4 A person’s words can be life-giving water; words of true wisdom are as refreshing as a bubbling brook. (Proverbs 18:4)
14 The human spirit can endure a sick body, but who can bear it if the spirit is crushed? (Proverbs 18:14)
20 Words satisfy the soul as food satisfies the stomach; the right words on a person’s lips bring satisfaction. (Proverbs 18:20)
21 Those who love to talk will experience the consequences, for the tongue can kill or nourish life. (Proverbs 18:21)
The Daily DAVEotional
When I was about 5 or 6 years old, my parents invited some friends over to the house. They had kids who were about the same age as me and my brother so while my parents were entertaining their guests, we were hanging out as a group of kids.
I’m the youngest in my family and was always very small for my age. As a result, I was often teased by older kids and even peers for being small.
I vividly remember being teased in this setting. Though I don’t remember the exact nature of the teasing, I do remember going to my mother and telling her that the other kids were making fun of me.
Her response was the classic line, “You tell them that ‘Sticks and stones may break my bones but words can never hurt me.’”
I soon learned that this phrase was a stock response to schoolyard bullying and verbal jabs and I used it frequently, until of course, I discovered more sophisticated ways of responding to the insults of others, such as the mocking “Neener, neener” and the classic “I know you are but what am I”.
The problem with the “Sticks and Stones” phrase is that it’s not true.
Of course there’s an element of truth to the saying. Yes, words cannot inflict physical damage on our bodies. But as Proverbs 18 shows, our words can bring life and healing to others OR they can wound or kill others.
The phrase disregards the sensitive nature of our emotions and our spirit.
Think about it. Our bodies have an immune system which fights off infections when we are sick.
Our bodies also have a repair system that kicks in when we are injured. An open wound will heal and even broken or fractured bones will heal themselves, though obviously, compound fractures may require special setting in order for proper healing to take place.
We don’t have an emotional immune system though to repair our minds when we are discouraged or damaged emotionally. We can carry the scars and wounds of emotional trauma for years.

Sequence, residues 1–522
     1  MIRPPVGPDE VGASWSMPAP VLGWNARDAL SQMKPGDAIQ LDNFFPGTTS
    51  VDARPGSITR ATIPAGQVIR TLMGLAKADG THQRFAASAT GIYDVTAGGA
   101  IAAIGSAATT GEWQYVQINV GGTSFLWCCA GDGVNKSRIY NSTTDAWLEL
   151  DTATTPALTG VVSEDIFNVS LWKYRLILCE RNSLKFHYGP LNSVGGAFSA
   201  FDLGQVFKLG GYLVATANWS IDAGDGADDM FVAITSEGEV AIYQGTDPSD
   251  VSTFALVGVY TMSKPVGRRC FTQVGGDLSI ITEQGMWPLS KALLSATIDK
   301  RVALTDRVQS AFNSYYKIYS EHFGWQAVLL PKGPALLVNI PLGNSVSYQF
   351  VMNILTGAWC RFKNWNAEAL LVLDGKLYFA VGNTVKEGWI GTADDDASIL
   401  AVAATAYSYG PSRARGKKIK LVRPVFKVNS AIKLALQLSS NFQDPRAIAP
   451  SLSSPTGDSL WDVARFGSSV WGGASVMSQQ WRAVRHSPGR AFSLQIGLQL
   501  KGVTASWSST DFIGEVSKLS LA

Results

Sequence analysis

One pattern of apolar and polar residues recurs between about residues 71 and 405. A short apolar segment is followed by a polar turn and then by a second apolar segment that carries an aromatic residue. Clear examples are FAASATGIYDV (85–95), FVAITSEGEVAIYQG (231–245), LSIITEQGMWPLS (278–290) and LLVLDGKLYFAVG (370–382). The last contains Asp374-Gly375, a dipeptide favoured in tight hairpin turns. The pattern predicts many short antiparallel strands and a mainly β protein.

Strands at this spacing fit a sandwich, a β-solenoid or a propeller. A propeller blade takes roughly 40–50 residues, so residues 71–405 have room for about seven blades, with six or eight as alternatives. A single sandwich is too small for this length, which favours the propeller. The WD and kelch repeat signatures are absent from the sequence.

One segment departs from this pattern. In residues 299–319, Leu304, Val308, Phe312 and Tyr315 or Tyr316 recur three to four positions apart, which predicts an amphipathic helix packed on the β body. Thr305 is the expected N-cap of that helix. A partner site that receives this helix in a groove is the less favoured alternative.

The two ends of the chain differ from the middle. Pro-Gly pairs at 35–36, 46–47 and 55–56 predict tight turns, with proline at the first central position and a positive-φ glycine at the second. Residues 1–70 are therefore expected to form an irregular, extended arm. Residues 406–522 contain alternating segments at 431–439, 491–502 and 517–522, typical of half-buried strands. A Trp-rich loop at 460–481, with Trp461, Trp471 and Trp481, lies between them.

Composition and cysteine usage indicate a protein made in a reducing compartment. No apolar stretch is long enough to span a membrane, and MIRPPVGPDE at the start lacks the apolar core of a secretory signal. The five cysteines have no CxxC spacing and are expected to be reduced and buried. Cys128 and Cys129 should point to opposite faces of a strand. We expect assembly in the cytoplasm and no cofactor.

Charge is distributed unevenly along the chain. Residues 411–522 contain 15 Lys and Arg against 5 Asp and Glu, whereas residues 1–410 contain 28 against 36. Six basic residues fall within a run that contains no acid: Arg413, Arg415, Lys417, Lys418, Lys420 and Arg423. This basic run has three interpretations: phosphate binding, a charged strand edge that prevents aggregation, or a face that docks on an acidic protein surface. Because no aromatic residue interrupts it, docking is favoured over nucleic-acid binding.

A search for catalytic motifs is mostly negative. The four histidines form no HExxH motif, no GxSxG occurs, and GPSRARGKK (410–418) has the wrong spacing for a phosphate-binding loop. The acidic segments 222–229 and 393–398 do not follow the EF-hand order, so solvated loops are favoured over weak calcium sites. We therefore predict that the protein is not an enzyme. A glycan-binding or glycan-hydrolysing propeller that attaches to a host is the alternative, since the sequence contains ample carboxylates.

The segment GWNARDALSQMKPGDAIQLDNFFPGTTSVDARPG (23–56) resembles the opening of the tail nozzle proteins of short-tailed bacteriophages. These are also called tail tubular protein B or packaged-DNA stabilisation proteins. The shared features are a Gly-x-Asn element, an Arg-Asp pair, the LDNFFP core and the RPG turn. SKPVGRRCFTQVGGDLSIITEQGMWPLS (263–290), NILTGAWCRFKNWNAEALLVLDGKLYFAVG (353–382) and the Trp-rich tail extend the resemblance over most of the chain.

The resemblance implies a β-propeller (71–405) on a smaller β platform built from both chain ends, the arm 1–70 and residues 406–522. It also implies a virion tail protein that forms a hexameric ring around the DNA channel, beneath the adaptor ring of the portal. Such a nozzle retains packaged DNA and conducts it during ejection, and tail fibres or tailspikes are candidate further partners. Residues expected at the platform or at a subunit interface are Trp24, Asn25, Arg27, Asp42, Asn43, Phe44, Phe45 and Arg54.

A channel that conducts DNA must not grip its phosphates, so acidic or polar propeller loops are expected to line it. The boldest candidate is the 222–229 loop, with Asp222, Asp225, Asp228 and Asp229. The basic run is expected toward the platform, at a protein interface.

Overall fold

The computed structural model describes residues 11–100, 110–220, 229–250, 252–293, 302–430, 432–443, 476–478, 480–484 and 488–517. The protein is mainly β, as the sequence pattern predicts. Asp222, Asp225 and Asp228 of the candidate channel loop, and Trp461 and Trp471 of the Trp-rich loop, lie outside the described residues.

We live in a culture where we can instantly communicate with just about anyone we want, and with social media, our words have an extensive reach that was unthinkable even 20 or 30 years ago.
There is a lot of anger and vitriol these days, especially on Social media platforms. Personally, I need constant reminders of the power of my words so that I don’t give in to the temptation to berate and belittle others, with no regard for the impact it has on them.
Think of a time when you were teased as a kid? How did it make you feel? What emotions and thoughts do you have now as you remember that experience?
When is a time when your words wounded another person? What did you say? Have you asked for forgiveness and reconciled with that person?
When was a time when someone gave you life-giving words that nourished your soul? What was the context and in what ways did those words lift your spirit?
What has been your experience with your words on social media? What steps can you take to ensure that your words on social media are life-giving and not wounding or harming others?
Photo by Simon Wilkes on Unsplash
2 Replies to ““Sticks and Stones…” Revisited”
They drop the mask mandate March 26
Got so tried of all the fake propaganda
This was definitely a case where words hurt many people many times more than the virus
no doubt that words can be used in many negative ways. What you’re talking about probably falls more into manipulation whereas my post was more directed toward how are words can directly impact people negatively when used in a berating or belittling way.